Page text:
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André Fu unveils his inspirations in design and creating space

by Catherine Shaw on Sep 5, 2017 in Dose of Design , Interiors , Top Story
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Designer André Fu's eclectic portfolio has won him recognition far beyond the borders of his native Hong Kong. In this exclusive interview for Perspective, CATHERINE SHAW talks to him about the way he views the spaces in which he works, and his penchant for collaborating with innovators

Shortly after returning to Hong Kong in 2004 to focus on developing his design studio, having gained a master's degree in architecture at Cambridge University in the UK, André Fu was awarded a career-defining project: to create the interiors of Swire Properties' new The Upper House hotel above the city's prestigious shopping mall, Pacific Place.

Designer André Fu

Designer André Fu

When the 117-room hotel opened in 2009, unveiling Fu's fresh, bespoke take on relaxed luxury, the thoughtfully curated monochromatic interiors not only set a decidedly elegant new benchmark for contemporary hospitality, but also firmly placed the soft-spoken young designer on the world's design radar.

Nevertheless, while some designers might have been tempted to continue delivering more of the same winning aesthetic, Fu and his studio AFSO have instead gone on to create an eclectic, evolving portfolio, including a glass teahouse-inspired restaurant and glamorous spa at Villa La Coste in the French countryside, a secret boudoir-style apartment for Louis Vuitton's VIP clients, and an avantgarde, one-night-only, pop-up urban landscape perched atop a Hong Kong harbour-front pier for fashion house COS.

The clean lines of the atrium pool of Swire Properties' The Upper House hotel

The clean lines of the atrium pool of Swire Properties' The Upper House hotel

This summer, Fu completed the interiors and a series of landscaped gardens for Kerry Hotels' 16-storey, 546-room waterfront resort in Hung Hom, created an intimate, by-invitation members' lounge, Pavilion, at Pacific Place, and unveiled a gleaming new art gallery in Tokyo.

He has also turned his attention to products, launching his own lifestyle brand in 2015 with a second collection of sophisticated, urban-inspired carpets for Tai Ping; his first range, conceived in 2011, is the brand's best-selling product line. He's also developed an intriguing artisanal scent with Argentine cult perfumer Julian Bedel, as well as handmade, modernist, architectural-style lamps in collaboration with Czech glass specialists Lasvit.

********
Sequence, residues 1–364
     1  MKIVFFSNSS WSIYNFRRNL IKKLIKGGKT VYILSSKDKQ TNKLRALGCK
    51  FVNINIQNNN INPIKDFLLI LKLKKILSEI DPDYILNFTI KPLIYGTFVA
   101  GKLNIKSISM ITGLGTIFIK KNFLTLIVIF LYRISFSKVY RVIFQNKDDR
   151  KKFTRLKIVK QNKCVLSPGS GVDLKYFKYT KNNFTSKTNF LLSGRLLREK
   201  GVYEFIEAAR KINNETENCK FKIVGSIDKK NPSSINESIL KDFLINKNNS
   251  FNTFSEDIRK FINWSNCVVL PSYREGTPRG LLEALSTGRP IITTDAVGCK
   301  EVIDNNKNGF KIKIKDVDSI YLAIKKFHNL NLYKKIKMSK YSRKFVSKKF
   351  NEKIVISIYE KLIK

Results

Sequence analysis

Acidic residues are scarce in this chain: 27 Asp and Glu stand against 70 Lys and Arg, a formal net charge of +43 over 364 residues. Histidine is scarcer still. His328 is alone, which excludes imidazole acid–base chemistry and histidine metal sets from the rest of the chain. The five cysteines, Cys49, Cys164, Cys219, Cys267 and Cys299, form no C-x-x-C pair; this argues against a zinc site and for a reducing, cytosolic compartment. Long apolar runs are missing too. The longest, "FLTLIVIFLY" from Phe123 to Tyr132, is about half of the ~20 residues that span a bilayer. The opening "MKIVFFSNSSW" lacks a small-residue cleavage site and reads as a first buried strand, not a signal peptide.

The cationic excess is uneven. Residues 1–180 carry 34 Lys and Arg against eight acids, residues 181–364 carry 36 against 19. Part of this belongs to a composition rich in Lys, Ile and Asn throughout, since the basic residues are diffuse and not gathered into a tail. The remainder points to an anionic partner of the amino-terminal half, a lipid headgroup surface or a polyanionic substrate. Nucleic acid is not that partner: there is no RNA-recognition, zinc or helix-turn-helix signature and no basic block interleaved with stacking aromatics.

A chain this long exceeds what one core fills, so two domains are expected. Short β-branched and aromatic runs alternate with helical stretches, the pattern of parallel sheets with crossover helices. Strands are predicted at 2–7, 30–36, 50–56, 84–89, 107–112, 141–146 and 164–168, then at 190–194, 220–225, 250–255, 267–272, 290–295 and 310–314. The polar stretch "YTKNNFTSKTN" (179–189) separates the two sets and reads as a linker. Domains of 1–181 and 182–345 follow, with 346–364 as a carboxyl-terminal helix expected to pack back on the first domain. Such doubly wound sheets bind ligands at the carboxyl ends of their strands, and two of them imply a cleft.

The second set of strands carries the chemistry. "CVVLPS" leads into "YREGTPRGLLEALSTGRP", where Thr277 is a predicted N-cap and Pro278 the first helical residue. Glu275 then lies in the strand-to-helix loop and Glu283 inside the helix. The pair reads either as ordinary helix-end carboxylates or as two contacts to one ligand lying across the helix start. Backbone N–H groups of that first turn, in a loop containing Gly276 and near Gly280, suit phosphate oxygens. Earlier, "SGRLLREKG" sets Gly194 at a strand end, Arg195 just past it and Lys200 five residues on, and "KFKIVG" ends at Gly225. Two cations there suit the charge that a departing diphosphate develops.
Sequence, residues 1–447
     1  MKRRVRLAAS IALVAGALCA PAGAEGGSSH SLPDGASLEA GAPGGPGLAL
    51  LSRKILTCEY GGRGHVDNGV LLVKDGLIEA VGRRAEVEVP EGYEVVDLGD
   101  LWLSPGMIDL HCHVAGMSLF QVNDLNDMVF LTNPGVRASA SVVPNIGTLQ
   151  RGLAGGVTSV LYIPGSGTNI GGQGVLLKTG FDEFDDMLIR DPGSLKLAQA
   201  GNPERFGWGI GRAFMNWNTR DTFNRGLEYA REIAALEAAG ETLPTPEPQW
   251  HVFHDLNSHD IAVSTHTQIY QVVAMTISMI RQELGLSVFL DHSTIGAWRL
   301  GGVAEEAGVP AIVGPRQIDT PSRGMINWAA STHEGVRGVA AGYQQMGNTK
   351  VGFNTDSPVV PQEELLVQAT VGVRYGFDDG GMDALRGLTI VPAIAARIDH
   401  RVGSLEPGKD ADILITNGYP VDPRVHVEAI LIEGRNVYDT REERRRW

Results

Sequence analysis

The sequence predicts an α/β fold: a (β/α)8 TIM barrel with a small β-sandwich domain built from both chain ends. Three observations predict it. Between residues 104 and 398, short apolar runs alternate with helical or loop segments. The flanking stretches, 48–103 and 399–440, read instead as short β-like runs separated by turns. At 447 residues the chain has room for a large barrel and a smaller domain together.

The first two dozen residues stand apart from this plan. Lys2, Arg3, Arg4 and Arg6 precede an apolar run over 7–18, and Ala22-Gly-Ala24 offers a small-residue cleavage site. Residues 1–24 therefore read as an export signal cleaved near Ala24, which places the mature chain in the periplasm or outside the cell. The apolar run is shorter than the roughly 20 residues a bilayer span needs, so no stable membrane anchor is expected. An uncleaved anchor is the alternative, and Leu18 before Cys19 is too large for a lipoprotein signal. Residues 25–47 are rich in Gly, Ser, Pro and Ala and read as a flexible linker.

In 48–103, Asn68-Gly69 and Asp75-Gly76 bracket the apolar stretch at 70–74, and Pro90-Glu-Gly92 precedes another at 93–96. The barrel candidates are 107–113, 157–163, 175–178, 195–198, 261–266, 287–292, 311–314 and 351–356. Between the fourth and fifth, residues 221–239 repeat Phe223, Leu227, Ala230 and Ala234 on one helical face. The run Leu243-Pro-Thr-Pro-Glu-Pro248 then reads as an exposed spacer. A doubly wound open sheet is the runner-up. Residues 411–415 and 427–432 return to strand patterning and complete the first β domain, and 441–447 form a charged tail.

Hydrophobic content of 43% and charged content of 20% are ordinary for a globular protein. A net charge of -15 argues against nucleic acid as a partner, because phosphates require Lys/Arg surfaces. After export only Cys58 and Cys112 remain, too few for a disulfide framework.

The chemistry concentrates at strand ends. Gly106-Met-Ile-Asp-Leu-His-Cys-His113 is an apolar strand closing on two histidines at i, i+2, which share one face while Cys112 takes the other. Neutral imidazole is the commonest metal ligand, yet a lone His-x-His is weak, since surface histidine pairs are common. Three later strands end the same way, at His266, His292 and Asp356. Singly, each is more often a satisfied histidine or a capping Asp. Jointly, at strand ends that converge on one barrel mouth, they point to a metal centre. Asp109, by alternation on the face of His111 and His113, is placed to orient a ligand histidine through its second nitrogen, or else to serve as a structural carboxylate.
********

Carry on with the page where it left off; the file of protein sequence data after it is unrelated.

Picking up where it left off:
The Red Sugar bar at the Kerry Hotel Hong Kong. André Fu was keen to create a different sensory experience from the rest of the property

The Red Sugar bar at the Kerry Hotel Hong Kong. André Fu was keen to create a different sensory experience from the rest of the property

In 2016, Fu was named Designer of the Year for Maison & Objet Asia and one of Wallpaper* magazine's Top 20 Interior Designers. He is quick to credit Hong Kong for much of his success. "The city offers a positive mentality and drive that creates unique opportunities and is very liberating for young designers," he says.

Irrespective of location, scale or type of project, Fu says each new commission starts with investing the time and energy it takes to fully understand the client, the brand and their specific brief or vision. "When someone walks into a space – whether it is an Andaz or a Waldorf Hotel – that is what they should see," he says. "My signature touches may be there, but it is very important to me that the design tells a story about the brand."

The designer says he is especially interested in how different senses combine to create a holistic experience within a space, although he notes that nowadays designers need to be aware of avoiding the temptation to design for design's sake, particularly when it comes to creating spectacular Instagram-worthy "moments".

Pavilion, the new by-invitation lounge at Pacific Place. Fu was given a limited, triangular space to work with

Pavilion, the new by-invitation lounge at Pacific Place. Fu was given a limited, triangular space to work with

"When I visit a site, I try to accentuate what the place already provides, adding layers without being overly decorative," he says. "I have always been fascinated with the emotional impact of a space, particularly in the world of hospitality. Perhaps it is my exposure to different cultures that allows me to adapt to work in new environments – I trust my instincts will captivate the spirit of a place. But I never consider whether my design aesthetics belong to the East or West – my design process has always been very organic."

This is an excerpt from the “A touch of class" article from the September 2017 issue of Perspective magazine.

To continue reading, get your copy of Perspective.

 

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